By Alicia Sanders-Zakre
2009 | 2010 | 2011 | 2012 | 2013 | 2014 | 2015 | 2016
March 6: U.S. Secretary of State Clinton presents “reset button” to Russian Foreign Minister Lavrov, symbolizing an effort to improve relations.
April 5: President Obama in Prague outlines his plan for nuclear risk reduction and nonproliferation, calling on countries to have “the courage to pursue a world without nuclear weapons.”
April 8: Obama administration announces it will participate in multilateral talks with Iran on its nuclear program, a departure from previous U.S. policy.
May 25: North Korea conducts second nuclear test explosion.
June 12: UN Security Council passes Resolution 1874, adding sanctions on North Korea for its nuclear and missile activities.
September 25: The United States, the U.K. and France reveal that Iran has been constructing a secret, second uranium-enrichment facility, Fordow.
April 6: Pentagon releases 2010 “Nuclear Posture Review” report,” which outlines a diminished role for nuclear weapons and a “no new nuclear weapons policy,” but calls for maintaining robust nuclear deterrent.
April 8: Obama and Russian President Medvedev sign the New Strategic Arms Reduction Treaty (New START), which limits each side to no more than 1,550 strategic deployed warheads by 2018.
April 12-13: First nuclear security summit involving 47 states is held in Washington to consolidate and protect nuclear material.
May 13: Obama announces plan to modernize U.S. nuclear forces.
May 28: Eighth nuclear Nonproliferation Treaty (NPT) Review Conference adopts 64-point action plan by consensus.
December 22: U.S. Senate approves ratification of New START by vote of 71-26.
January 12: U.S.-Russia 123 agreement for cooperation on the peaceful uses of nuclear energy enters into force.
June 2: 46-nation Nuclear Suppliers Group adopts tougher guidelines to prevent the spread of enrichment and reprocessing technology.
July 13: U.S.-Russia agreement to dispose of excess weapons-grade plutonium enters into force.
February 29: North Korea accepts “Leap Day agreement” for nuclear constraints with U.S. providing food aid. The deal collapses in April 2012.
March 26-27: Second nuclear security summit is held in Seoul; expands scope to address radioactive sources and nuclear safety.
August 20: Obama says use or “moving around” of chemical weapons by Syrian government would cross a “redline.”
January 4: UN General Assembly votes to convene an open-ended working group to develop proposals for multilateral nuclear disarmament.
January 22: UN Security Council adopts Resolution 2087 against North Korea after successful Dec. 12 satellite launch.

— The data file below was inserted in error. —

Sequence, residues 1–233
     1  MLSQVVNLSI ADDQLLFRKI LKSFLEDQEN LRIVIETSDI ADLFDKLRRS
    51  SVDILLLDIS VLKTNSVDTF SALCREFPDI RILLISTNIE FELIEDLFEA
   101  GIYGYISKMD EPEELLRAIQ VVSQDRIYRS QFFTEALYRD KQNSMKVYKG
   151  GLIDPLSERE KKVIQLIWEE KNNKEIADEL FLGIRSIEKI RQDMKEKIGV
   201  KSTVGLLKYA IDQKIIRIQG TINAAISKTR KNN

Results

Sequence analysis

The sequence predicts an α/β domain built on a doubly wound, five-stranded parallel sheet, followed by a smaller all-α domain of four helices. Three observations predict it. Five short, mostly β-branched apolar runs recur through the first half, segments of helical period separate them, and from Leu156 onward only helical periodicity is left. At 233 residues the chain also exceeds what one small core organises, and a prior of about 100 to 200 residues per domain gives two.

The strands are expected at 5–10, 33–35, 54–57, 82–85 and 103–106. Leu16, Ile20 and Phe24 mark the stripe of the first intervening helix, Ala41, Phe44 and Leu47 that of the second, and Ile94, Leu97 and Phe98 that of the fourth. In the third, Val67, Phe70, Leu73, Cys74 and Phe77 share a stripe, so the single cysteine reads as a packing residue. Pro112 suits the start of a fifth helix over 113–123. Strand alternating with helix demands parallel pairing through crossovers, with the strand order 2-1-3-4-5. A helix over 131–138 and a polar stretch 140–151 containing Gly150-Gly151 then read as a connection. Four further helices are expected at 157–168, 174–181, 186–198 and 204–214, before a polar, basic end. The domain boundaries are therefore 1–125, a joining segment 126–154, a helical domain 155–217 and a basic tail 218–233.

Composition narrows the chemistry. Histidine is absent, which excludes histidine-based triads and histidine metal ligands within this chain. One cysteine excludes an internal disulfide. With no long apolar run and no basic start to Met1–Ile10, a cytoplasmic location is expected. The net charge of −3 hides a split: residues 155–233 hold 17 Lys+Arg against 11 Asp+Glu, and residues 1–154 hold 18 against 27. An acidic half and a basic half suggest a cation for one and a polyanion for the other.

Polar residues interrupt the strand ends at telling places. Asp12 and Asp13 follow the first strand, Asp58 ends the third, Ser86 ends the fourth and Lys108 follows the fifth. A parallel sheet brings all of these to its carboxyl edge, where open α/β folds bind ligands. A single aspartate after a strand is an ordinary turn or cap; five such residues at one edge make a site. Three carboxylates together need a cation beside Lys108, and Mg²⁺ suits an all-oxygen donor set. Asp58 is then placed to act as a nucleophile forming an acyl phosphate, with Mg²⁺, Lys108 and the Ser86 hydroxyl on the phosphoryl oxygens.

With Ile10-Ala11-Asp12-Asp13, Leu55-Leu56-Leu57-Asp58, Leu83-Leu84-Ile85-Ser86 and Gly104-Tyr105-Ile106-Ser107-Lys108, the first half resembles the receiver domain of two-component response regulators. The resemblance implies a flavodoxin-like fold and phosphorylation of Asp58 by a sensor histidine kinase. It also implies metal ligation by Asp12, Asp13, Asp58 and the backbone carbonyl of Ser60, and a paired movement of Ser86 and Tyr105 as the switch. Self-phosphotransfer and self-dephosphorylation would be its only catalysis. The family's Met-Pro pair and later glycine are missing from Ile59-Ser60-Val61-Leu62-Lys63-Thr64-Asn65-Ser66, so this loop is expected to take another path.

February 12: North Korea conducts third nuclear test explosion.
March 7: UN Security Council adopts Resolution 2094 in response to North Korea’s nuclear and missile activities.
April 2: UN General Assembly approves text of global Arms Trade Treaty 156-3-23.
June 19: Obama calls for U.S.-Russian talks to reduce deployed strategic nuclear weapons by as much as one-third below New START levels.
August 21: Chemical weapons attack by the Syrian government in Ghouta kills 1,400 people.
September 23: United States becomes 91st state to sign the Arms Trade Treaty.
September 27: Obama and Iranian President Rouhani have first direct talks between U.S. and Iranian leaders since the 1979 revolution.
November 24: Six world powers and Iran conclude the Joint Plan of Action, an interim agreement freezing Iran’s nuclear progress and guide negotiations for a comprehesive solution.
March 24-25: Third nuclear security summit held in the Netherlands.
July 31: United States reports that Russia is in violation of the 1987 Intermediate-Range Nuclear Forces Treaty.
September 4: Joint mission of the Organisation for the Prohibition of Chemical Weapons (OPCW) and the United Nations declares it has removed 96 percent of Syria’s chemical weapons, including precursor chemicals.
December 4: United States announces International Partnership for Nuclear Disarmament Verification.
April 27 - May 22: Ninth NPT Review Conference fails to produce a final agreement.
May 27: Obama becomes first sitting U.S. president to visit Hiroshima, Japan.
July 14: Iran and P5+1 countries announce the JCPOA to verifiably roll back Iran’s nuclear program over a multi-year period.
August 7: UN Security Council authorizes Joint Investigative Mechanism to identify individuals and groups using chemical weapons in Syria.
September 10-11: Resolution of disapproval fails to block the JCPOA fall short of necessary votes in the Senate and U.S. House of Representatives.
October 29: UN General Assembly votes to convene an open-ended working group to address concrete, effective legal measures to attain a world without nuclear weapons.
January 6: North Korea conducts fourth nuclear test explosion.
January 16: Implementation day for the Joint Comprehensive Plan of Action.
March 2: UN Security Council unanimously adopts Resolution 2270 against North Korea following nuclear tests and prohibited satellite launch.
March 31 - April 1: Fourth and final nuclear security summit is held in Washington; states designate five international organizations as successors for summit work.
August 24: UN Security Council panel finds that Syrian government troops were responsible for two toxic gas attacks and that Islamic State militants used sulfur mustard gas.
August 27: OPCW reports all chemical weapons have been removed from Libya.
September 9: North Korea conducts fifth nuclear test explosion.
September 23: UN Security Council adopts Resolution 2310 reaffirming support for the moratoria on nuclear weapons testing 20 years after the Comprehensive Test Ban Treaty was opened for signature.
October 5: Russia suspends agreement with U.S on nuclear and energy-related research cooperation.
October 27: UN General Assembly passes resolution to begin negotiations in 2017 on a treaty to prohibit nuclear weapons.